P&Z Passes Text Amendments, Residents Demand Better Transparency on Applications

The Planning & Zoning commission voted Tuesday night to pass a series of text amendments to their regulations.

The text amendments were presented first in June and then again in July at public hearings.

One change will take out the reference to the POCD when the P&Z commission decides whether to approve or deny a special permit and the ZBA decides whether to approve a special exception.

“People reacted with fear that that would reduce the value of the POCD,” P&Z director Katie Deluca said on Wednesday morning on WGCH. “That’s not the case at all.”

She said the POCD is visionary and is not a legal document. She said since zoning regulations must comply with the POCD, any development plan must comply with the zoning regulations.

Also text amendment will shift the body that reviews special exceptions from the Zoning Board of Appeals (ZBA) to P&Z.

This will include applications for club uses, school uses and religious institutions (triggered based on their size) and  have only P&Z review them.

DeLuca said having two boards with similar standards review an application has created a legal liability for the Town.

The effect of the change will be to streamline applications, though DeLuca said that was not the intent.

She acknowledged residents’ concern that the change lessens the time neighbors have to organize their opposition to a proposed development.

“When an application comes in, people don’t find out about it until they receive the agenda, and then they think, ‘Oh my gosh, what is this?’ and then they go to the meeting and see what it’s about,” DeLuca said on Wednesday morning.

One neighbor who opposed the text amendments was Karen Fassuliotis,  who said she was speaking as a resident, not as a Board of Estimate and Taxation (BET) member.

She said developers seeking special exceptions will see the process shorten from an average of nine months to three or four months.

“This will be a reduced time frame allowing developers to alter our neighborhoods. And boy have you been approving changes in our neighborhoods that favor developers,” she said, citing development of Milbank Ave where historic houses have been razed and replaced with multi family condos.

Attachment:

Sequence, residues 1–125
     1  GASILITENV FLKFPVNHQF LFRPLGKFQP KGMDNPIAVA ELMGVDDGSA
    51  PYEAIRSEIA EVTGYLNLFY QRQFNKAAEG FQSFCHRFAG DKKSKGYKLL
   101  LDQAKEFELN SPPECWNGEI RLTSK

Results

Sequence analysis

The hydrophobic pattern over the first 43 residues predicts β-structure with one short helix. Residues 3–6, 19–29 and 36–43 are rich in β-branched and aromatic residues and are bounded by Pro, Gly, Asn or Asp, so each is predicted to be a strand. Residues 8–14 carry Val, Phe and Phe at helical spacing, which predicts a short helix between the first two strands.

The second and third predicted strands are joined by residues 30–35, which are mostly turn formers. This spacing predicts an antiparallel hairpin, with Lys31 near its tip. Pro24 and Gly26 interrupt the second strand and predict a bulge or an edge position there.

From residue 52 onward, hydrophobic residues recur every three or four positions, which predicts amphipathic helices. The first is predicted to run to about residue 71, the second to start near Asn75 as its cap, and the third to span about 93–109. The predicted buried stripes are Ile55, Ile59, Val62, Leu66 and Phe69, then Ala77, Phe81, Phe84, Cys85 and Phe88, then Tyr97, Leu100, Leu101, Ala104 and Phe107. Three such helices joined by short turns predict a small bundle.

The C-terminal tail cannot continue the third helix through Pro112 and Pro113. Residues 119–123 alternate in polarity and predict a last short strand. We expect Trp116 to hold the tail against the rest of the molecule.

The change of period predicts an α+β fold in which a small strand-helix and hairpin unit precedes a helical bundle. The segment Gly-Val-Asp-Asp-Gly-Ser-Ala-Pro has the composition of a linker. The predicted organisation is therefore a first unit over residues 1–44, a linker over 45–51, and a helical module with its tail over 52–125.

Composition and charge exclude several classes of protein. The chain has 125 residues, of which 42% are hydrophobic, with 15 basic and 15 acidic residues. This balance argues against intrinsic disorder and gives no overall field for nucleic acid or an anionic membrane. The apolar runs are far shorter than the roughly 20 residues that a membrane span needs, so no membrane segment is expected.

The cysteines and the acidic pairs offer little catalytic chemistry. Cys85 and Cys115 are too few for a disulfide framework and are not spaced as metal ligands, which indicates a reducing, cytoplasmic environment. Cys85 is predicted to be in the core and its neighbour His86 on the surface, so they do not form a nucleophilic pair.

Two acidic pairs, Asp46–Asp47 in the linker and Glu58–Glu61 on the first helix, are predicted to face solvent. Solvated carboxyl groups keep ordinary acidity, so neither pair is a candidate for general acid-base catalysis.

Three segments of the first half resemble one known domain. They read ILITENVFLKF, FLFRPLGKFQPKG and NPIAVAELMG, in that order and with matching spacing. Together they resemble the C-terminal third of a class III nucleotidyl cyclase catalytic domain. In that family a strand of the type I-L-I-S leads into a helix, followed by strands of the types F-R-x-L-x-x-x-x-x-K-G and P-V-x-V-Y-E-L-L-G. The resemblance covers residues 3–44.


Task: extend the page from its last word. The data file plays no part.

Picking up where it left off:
P&Z chair Richard Maitland said all the approvals on Milbank Ave had taken place within the existing regulations and that not a single variance had been granted.

DeLuca said if this text amendment had been in place earlier, more homes on Milbank Ave might have been spared the wrecking ball.

“We’re trying to get a process that’s clean so that somebody doesn’t come back and sue us,” Ms. Alban said, referring to special exception permits coming under the purview of P&Z.


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In Greenwich, applications for a school or religious institution currently go to P&Z first, then to ZBA for the use issue, and finally back to P&Z for final site plan. That process that can take 9 months to a year.

The change would mean, rather than a 3-part process, those applications would only go to P&Z.

P&Z applications get a more thorough vetting than those before ZBA. The commissioners have pointed out that they are supported by a large staff at town hall, have a traffic consultant, and have a process in place that routes applications through other town departments.

“When ZBA goes to a meeting they don’t have have the information we have,” Alban said back in June. “We spend the whole weekend studying. ZBA shows up on a Wednesday night and they have to grasp it quickly.”

“I want the town to win law suits,” Alban told Ms. Fassuliotis. “If we’re going to get sued, I want us to have a good process. That’s one of the key drivers.”

Leslie Tarkington, a member of the BET said, “The time and process provided by ZBA allows neighborhoods to review development applications, hire consultants and protect themselves.”

Ms. DeLuca said on Wednesday morning that with or without the text amendment, residents will remain at a disadvantage.

“Obviously the developers work on a proposal as long as they want before submitting it,” DeLuca said.